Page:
Document Detail


Effects of chronic exercise conditioning on thermal responses to lipopolysaccharide and turpentine abscess in female rats.
MedLine Citation:
PMID:  16254718     Owner:  NLM     Status:  MEDLINE    
Abstract/OtherAbstract:
Chronic exercise conditioning has been shown to alter basal thermoregulatory processes as well as the response to inflammatory agents. Two such agents, lipopolysaccharide (LPS) and turpentine (TPT) are inducers of fever in rats. LPS, given intraperitoneally (i.p.), involves a systemic inflammatory response whereas TPT given intramuscularly (i.m.) elicits a localized inflammation. We assessed if chronic exercise training in the rat would alter the thermoregulatory response to LPS and TPT. Core temperature (T (c)) and motor activity were monitored by radiotelemetry. Female Sprague Dawley rats were divided into two groups (trained and sedentary) and housed at an ambient temperature of 22 degrees C. Animals voluntarily trained on running wheels for 8 weeks. In the first study, trained and sedentary female rats were injected i.p. with LPS (50 microg/kg) or an equal volume of 0.9% normal saline. In another study, trained and sedentary female rats were injected i.m. with TPT (10 microl)/rat or an equal volume of 0.9% normal saline. The time course of the LPS fever was very short compared to TPT. TPT injected animals displayed a smaller but more prolonged fever compared to LPS; however, training accentuated the febrile response to LPS (DeltaT (c)=0.6 degrees C in sedentary and 1.2 degrees C in trained). Training had a slight suppression on TPT-induced fever during the daytime but had no effect on motor activity or nighttime T (c). In contrast, exercise training led to a marked increase in the pyrogenic effects of LPS. We conclude that the effect of exercise training and source of infection (i.e., systemic versus localized in muscle) on fever is directly linked to type of pyrogenic agent.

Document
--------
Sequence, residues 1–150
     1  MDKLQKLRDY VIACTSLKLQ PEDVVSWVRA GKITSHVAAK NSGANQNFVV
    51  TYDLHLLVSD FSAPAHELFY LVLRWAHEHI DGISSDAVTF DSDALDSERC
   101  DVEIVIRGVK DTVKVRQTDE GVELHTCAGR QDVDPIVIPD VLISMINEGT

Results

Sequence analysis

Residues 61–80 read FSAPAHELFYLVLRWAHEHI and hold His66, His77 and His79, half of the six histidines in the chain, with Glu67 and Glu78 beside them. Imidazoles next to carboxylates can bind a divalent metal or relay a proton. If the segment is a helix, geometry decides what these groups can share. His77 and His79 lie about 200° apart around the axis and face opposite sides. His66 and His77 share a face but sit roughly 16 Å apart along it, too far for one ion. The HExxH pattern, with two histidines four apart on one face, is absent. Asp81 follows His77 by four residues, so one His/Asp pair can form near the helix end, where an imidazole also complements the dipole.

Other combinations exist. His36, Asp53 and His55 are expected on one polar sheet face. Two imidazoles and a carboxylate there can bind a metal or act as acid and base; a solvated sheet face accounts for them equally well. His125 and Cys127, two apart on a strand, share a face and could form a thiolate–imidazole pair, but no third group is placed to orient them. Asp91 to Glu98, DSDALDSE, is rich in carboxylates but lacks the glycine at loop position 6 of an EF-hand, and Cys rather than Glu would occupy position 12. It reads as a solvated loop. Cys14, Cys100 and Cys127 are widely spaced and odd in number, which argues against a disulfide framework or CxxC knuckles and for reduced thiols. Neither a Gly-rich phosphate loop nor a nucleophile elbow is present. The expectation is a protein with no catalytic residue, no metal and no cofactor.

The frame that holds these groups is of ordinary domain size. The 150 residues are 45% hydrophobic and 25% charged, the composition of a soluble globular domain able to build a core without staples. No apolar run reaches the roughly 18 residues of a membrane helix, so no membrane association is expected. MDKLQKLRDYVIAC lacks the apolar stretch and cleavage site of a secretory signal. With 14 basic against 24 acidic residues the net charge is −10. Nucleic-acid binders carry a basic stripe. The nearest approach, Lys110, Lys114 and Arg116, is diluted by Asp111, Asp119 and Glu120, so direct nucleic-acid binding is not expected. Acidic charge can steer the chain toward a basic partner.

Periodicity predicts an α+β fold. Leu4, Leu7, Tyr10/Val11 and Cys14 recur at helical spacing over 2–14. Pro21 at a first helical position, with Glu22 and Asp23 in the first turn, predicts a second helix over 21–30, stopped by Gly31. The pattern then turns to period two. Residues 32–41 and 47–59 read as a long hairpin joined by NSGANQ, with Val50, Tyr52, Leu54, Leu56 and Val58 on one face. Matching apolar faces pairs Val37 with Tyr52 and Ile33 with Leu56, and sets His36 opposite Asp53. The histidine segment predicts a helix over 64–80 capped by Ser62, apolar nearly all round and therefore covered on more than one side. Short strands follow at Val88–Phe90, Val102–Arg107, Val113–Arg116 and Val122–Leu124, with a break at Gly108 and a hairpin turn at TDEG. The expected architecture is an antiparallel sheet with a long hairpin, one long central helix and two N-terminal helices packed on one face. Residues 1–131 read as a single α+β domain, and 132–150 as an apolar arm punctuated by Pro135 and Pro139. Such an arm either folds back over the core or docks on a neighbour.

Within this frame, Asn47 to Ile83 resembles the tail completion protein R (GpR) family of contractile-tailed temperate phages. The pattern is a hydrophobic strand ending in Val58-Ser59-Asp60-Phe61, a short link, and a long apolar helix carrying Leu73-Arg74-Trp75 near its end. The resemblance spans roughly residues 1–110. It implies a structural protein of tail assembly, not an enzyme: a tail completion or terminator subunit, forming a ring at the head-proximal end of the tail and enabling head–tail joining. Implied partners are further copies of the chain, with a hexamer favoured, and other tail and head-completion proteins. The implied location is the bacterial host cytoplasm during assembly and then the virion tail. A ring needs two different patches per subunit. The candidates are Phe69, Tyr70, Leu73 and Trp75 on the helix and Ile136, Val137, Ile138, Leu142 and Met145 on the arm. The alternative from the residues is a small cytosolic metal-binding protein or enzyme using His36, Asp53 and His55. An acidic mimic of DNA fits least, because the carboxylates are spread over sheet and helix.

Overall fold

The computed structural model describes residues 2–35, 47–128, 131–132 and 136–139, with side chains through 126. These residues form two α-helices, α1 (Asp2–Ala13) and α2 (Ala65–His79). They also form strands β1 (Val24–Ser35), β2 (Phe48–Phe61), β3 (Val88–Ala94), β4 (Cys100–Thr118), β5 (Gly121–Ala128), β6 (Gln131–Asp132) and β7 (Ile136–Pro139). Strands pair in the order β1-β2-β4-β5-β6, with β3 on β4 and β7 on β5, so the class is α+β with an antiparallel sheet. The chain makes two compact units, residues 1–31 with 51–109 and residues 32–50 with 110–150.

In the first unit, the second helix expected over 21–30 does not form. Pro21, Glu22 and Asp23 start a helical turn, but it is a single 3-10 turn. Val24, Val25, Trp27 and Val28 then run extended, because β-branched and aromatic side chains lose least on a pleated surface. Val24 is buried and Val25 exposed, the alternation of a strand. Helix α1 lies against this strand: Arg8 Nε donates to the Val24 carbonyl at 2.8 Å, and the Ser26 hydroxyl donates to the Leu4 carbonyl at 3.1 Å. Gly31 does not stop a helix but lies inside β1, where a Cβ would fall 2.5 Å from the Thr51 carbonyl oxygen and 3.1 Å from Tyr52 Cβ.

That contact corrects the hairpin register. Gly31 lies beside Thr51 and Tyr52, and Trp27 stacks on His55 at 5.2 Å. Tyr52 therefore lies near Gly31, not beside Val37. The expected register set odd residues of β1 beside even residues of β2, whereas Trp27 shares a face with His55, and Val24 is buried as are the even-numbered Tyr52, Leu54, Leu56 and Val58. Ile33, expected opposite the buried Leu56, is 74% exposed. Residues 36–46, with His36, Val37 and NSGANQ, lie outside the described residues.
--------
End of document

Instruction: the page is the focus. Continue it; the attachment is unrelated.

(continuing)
Authors:
Pamela Johnson Rowsey; Bonnie L Metzger; John Carlson; Christopher J Gordon
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Publication Detail:
Type:  Journal Article; Research Support, N.I.H., Extramural     Date:  2005-10-28
Journal Detail:
Title:  Archives of toxicology     Volume:  80     ISSN:  0340-5761     ISO Abbreviation:  Arch. Toxicol.     Publication Date:  2006 Feb 
Date Detail:
Created Date:  2006-01-19     Completed Date:  2006-08-24     Revised Date:  2007-11-14    
Medline Journal Info:
Nlm Unique ID:  0417615     Medline TA:  Arch Toxicol     Country:  Germany    
Other Details:
Languages:  eng     Pagination:  81-7     Citation Subset:  IM    
Affiliation:
School of Nursing, The University of North Carolina at Chapel Hill, Chapel Hill, NC 27599, USA. pjrowsey@unc.edu
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MeSH Terms
Descriptor/Qualifier:
Abscess / chemically induced,  physiopathology*
Animals
Body Temperature Regulation* / physiology
Female
Fever / chemically induced,  physiopathology*
Lipopolysaccharides / toxicity*
Multivariate Analysis
Physical Conditioning, Animal* / physiology
Rats
Rats, Sprague-Dawley
Turpentine / toxicity*
Grant Support
ID/Acronym/Agency:
5-R01-NR04920/NR/NINR NIH HHS
Chemical
Reg. No./Substance:
0/Lipopolysaccharides; 8006-64-2/Turpentine

From MEDLINE®/PubMed®, a database of the U.S. National Library of Medicine


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